Funky Stems: What Does Fasciation Mean for Your Cannabis Grow?

Funky Stems: What Does Fasciation Mean for Your Cannabis Grow?

Features - Cultivation Matters

Fasciation is a fascinating mutation, but does it have value in cannabis production?

Figure 4. A close-up of the flattened, fasciation stem of cannabis, which measures more than 3 cm across.
Photos by Brian Whipker

A recurring series focusing on plant cultivation by university researchers.

As plant scientists, we observe how plants grow and develop over time, and we are intrigued by variations or oddities that occur in growth. Recently, a seed-born cannabis plant in our greenhouse developed abnormal shoot growth with a flattened apical stem (Fig. 1, below). Other cannabis growers have posted images online when they too discover an odd, flat stem. We grew the plant for two months to observe the advancement of growth patterns. Over time, the shoot tip developed a mass of leaves growing out of the top (Fig. 2, below). As the plant continued to grow, the deformed portion of the stem, which measured more than 3 cm across, enlarged (Fig. 3, below) and flattened (Fig. 4, above). This phenomenon is referred to as fasciation. So, what causes this fascinating, distorted growth?

What is Fasciation?

Fasciation is defined as the development of elongated, flattened stems in plants. Fasciation occurs in a wide assortment of species and has interested plant scientists for years. One of the first scientific discussions about fasciation was reported by natural scientist Lumina C. Riddle Smyth in The Ohio Naturalist in 1903, where she lists 53 different species with confirmed fasciation symptoms. Since that time, Bulgarian and Belgian researchers report that more than 107 plant families have been observed to naturally develop symptoms. Fasciation is usually not advantageous to the plant, but in some cases, fasciation can have some highly prized ornamental attributes. One example of these include Celosia argentea cristata (crested cockscomb), which is often planted in gardens or used as cut flowers, or some cacti types where fasciation stems are grafted onto rootstocks and sold as houseplants.

What Causes Fasciation?

Fasciation is primarily caused by abiotic (non-infectious) factors such as a genetic mutation of the growing tip. As the plant meristem cells multiply, a disruption occurs that results in the production of elongated, flattened cells. These elongated cells continue to form as the plant grows into an obvious flattened stem.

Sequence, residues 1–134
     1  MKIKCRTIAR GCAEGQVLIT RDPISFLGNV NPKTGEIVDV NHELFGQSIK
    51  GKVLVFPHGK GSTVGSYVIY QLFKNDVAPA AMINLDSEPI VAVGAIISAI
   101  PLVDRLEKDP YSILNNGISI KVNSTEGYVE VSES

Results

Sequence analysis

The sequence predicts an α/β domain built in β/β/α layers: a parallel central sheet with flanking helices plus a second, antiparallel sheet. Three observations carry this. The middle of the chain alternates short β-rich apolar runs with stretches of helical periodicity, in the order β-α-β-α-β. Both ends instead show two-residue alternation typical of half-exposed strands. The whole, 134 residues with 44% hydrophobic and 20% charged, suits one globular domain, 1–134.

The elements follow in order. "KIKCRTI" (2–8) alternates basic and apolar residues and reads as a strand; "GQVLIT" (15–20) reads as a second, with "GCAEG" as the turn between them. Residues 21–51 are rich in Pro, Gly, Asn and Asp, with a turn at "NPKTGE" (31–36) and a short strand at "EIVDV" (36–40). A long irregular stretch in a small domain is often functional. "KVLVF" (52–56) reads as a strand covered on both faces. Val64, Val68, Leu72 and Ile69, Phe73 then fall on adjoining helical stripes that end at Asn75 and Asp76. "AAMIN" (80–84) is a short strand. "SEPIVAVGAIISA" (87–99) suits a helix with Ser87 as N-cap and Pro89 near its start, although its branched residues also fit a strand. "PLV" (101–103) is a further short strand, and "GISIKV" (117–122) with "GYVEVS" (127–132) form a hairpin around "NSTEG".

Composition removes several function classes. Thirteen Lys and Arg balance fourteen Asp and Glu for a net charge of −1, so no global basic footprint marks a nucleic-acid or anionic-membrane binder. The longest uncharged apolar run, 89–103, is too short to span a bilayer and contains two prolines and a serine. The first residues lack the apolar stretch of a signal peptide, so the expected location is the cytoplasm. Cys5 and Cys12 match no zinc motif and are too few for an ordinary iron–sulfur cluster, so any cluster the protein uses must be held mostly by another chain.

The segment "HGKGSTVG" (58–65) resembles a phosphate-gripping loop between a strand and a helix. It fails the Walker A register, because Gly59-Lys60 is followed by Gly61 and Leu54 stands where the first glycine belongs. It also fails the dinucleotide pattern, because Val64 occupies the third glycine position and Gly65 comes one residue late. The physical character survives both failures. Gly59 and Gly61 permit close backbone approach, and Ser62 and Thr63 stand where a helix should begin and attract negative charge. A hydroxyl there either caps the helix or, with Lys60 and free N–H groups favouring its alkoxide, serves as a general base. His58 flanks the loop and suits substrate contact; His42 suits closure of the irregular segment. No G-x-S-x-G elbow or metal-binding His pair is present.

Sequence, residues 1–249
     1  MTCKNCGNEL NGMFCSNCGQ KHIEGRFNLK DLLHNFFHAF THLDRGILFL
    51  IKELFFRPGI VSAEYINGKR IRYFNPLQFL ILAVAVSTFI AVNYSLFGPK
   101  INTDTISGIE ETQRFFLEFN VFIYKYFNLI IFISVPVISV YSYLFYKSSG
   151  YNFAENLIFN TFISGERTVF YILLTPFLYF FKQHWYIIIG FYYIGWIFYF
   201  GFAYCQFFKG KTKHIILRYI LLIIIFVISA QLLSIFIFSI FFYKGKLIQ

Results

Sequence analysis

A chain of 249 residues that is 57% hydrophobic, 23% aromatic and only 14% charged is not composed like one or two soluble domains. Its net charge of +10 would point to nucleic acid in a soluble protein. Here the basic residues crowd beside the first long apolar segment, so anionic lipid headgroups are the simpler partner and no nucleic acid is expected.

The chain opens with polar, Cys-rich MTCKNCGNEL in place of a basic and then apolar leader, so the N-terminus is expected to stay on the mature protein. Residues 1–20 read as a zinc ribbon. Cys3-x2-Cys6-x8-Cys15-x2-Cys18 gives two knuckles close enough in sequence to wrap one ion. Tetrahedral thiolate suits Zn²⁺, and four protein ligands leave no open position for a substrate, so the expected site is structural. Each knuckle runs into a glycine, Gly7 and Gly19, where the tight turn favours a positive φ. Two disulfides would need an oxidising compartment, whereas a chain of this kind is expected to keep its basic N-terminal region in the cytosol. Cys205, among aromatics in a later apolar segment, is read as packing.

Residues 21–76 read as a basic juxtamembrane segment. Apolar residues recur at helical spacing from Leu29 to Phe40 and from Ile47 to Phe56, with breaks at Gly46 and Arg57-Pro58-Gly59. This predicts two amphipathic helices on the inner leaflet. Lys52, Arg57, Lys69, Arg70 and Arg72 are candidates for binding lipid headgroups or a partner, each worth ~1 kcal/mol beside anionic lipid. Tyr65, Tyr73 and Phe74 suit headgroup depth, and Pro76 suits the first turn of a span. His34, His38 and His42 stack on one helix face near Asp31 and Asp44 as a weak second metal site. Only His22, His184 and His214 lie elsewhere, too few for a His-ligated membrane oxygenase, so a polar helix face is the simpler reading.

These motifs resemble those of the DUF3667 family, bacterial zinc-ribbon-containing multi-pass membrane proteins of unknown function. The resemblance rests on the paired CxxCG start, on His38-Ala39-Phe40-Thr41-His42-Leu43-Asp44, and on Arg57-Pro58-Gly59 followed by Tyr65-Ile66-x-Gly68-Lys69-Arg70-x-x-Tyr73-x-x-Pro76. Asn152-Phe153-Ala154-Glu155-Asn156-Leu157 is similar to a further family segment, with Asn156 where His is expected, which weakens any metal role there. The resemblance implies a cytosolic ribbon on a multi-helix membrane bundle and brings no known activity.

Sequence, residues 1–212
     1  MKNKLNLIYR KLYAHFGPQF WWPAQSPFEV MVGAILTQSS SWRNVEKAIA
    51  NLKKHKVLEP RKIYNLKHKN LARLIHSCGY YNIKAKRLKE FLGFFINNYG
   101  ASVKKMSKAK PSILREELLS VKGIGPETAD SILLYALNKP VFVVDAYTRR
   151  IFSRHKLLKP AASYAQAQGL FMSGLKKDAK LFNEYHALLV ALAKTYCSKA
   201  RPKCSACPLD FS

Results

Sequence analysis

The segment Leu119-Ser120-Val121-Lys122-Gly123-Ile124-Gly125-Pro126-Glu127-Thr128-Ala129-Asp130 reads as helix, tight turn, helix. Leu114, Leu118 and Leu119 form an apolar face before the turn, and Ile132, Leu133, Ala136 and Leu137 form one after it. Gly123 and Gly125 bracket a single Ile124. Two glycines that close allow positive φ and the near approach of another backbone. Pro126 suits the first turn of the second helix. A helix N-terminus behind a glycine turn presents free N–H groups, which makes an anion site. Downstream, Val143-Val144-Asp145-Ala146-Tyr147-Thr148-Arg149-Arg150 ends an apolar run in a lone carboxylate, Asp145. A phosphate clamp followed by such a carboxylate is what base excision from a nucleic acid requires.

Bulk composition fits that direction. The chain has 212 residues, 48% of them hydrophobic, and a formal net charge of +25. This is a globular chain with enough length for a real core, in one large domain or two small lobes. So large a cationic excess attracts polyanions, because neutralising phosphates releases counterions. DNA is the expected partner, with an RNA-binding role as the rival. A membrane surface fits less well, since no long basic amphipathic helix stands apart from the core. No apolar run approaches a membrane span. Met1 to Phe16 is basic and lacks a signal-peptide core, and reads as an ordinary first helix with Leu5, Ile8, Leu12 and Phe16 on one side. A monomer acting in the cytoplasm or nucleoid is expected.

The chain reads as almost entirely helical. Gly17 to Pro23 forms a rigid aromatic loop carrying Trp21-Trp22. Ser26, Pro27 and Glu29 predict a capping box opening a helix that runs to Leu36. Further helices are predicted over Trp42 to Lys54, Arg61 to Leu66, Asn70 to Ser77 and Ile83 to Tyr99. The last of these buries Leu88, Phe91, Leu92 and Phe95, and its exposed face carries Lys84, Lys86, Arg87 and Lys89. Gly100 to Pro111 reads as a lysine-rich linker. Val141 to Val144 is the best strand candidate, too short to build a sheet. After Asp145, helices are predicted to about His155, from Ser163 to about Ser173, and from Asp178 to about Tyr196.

Less common causes of fasciation include damage to the growing tip by insect or animal feeding, chemical applications, or physical injury such as brushing. Another mimic that results in a proliferation of growth is caused by the bacterial pathogen Rhodococcus fascians. While reported on other species such as geraniums, a preliminary literature search did not find any reports of Rhodococcus fascians infections in cannabis.

With genetically induced fasciation, usually only one branch or stem is affected. That portion of the plant can be trimmed out from flowering cannabis. While fasciation usually only involves one stem, if it appears on a mother plant, consider rogueing it out of your stock program to avoid any future occurrences. Cannabis growers have reported on online forums that when they grew out a fasciated plant, the resulting flower buds are also distorted and not well-formed. The dream of a super bud does not materialize.

(From left) Figure 1. Initial stages of fasciation developing on cannabis. The stem widens and becomes flat. Figure 2. Over time, the shoot tip develops a mass of leaves. Figure 3. As the plant continues to grow, the fasciated portion of the stem enlarges.


Fasciation is an amazing growth pattern of broad and flat stems in plants that has potential in the ornamental market. Fasciation in cannabis has been reported but is infrequent. Unfortunately, flower bud growth is also negatively affected. In most cases, the cause is a genetic mutation and not an infectious disease. The affected plant part is localized in a single stem, which can be trimmed out so the remainder of the plant will grow normally.

Dr. Brian E. Whipker, Ph.D., is a professor of floriculture at North Carolina State University specializing in plant nutrition, plant growth regulators and diagnostics.

Patrick Veazie is an undergraduate researcher in the Department of Horticultural Science at North Carolina State University.

David Logan is an undergrad research assistant in the Department of Horticultural Science at North Carolina State University.

Paul Cockson is a Ph.D. student at the University of Kentucky’s Horticulture department. He is a part of the controlled environment horticulture (CEH) lab and is conducting research on plant nutrition and abiotic stress impacts on greenhouse vegetable quality and fruit development.

Dr. W. Garrett Owen is an assistant professor and extension specialist of floriculture, greenhouse, and controlled-environment crop production in the Department of Horticulture at the University of Kentucky.